Recent spike in prices is likely a thing of the past, says NAFCU
On a seasonally adjusted basis, overall consumer prices rose 0.5 percent in July, with the Bureau of Labor Statistics reporting the overall consumer price index (CPI) grew 5.3 percent over the 12-month period. In a new Macro Data Flash report, NAFCU Chief Economist and Vice President of Research Curt Long noted that "last month's deceleration in price growth is a welcome sight and supports the view that the recent spike will prove transitory."
"Among the other categories most affected by the reopening, airfare also dropped dramatically, although hotel prices continued to advance at a rapid pace," said Long. "The other category garnering attention is housing prices, which grew by the same 0.3 percent pace in July as in May and June. That number is elevated compared to its pre-COVID level."
Energy prices rose 1.6 percent during the month, following a 1.5 percent rise in June. From a year ago, energy prices were up 23.6 percent. Additionally, food prices rose 0.7 percent in July and were up 3.4 percent compared to this time last year.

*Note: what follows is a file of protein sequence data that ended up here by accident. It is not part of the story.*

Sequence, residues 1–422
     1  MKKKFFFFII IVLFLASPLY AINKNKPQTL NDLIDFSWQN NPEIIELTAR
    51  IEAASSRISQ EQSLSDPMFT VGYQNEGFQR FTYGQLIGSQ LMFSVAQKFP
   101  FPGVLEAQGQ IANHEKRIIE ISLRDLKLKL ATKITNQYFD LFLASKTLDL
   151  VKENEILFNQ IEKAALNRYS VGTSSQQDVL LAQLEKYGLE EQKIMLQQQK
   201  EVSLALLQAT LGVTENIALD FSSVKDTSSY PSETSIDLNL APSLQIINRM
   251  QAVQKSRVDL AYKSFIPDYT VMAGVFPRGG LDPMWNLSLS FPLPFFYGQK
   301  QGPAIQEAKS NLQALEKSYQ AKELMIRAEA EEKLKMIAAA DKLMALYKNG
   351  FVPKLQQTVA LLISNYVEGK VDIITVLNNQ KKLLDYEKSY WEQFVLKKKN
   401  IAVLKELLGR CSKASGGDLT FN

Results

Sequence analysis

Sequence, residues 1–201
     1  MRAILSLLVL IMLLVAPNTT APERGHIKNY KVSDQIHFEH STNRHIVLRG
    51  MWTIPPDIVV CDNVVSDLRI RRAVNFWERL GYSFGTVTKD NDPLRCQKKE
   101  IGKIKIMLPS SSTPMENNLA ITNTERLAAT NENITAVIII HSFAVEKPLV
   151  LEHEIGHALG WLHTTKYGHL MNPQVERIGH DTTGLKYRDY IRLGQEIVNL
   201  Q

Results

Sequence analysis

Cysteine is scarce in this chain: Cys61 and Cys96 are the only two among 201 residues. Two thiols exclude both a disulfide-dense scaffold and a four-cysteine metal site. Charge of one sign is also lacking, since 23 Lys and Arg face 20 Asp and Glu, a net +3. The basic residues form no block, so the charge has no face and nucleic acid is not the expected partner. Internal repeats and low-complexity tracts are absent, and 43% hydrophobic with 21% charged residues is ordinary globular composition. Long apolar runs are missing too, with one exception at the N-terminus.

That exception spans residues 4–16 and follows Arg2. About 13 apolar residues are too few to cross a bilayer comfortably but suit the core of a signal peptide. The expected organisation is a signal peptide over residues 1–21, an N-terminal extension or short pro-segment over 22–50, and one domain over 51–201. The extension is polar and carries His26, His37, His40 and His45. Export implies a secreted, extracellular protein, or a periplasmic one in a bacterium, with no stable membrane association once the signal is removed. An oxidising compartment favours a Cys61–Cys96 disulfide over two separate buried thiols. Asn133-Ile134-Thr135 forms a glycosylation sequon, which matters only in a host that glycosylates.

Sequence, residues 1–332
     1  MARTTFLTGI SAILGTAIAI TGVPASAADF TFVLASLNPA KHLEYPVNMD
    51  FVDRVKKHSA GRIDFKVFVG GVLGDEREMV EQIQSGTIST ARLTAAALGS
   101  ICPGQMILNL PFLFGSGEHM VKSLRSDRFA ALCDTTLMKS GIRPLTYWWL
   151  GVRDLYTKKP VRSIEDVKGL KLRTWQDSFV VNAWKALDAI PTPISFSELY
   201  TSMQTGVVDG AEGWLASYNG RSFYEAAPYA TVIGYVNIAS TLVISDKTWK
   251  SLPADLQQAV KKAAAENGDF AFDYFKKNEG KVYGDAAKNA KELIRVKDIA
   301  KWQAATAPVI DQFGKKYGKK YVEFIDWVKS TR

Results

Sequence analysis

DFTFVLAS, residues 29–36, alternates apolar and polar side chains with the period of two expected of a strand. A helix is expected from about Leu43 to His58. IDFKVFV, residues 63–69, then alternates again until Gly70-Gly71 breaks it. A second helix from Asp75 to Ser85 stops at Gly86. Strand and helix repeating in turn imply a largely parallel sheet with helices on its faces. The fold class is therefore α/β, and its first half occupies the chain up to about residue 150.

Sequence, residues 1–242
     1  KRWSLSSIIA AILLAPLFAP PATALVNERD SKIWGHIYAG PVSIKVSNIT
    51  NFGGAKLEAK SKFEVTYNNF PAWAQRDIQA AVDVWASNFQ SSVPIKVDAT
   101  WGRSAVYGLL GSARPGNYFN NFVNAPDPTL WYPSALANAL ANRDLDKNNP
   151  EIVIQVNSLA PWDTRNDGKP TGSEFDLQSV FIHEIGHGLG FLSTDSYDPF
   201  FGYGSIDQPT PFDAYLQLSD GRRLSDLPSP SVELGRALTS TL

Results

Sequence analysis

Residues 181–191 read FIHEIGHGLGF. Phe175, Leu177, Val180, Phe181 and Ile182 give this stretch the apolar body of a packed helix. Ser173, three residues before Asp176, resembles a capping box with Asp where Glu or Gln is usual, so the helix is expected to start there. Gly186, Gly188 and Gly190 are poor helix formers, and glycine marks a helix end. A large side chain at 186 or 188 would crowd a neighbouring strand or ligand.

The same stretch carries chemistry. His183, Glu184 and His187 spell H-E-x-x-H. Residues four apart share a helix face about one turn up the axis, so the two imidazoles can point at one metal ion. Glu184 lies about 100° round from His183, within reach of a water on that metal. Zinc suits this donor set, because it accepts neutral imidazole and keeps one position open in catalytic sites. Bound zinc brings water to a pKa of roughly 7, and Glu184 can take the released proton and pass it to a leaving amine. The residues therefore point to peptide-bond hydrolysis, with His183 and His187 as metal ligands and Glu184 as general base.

Core prices (excluding food and energy costs) rose 0.3 percent compared to June. Year-over-year core CPI growth was 4.2 percent.
"Due to the outsize share of the consumption basket, housing costs could prove to be a more durable driver of inflation going forward," concluded Long. "Nevertheless, the spike in prices over the past several months are likely a thing of the past. And while inflation will remain above the Fed’s 2 percent long-term target, it is unlikely to reach levels that would prompt a rate hike until 2023."
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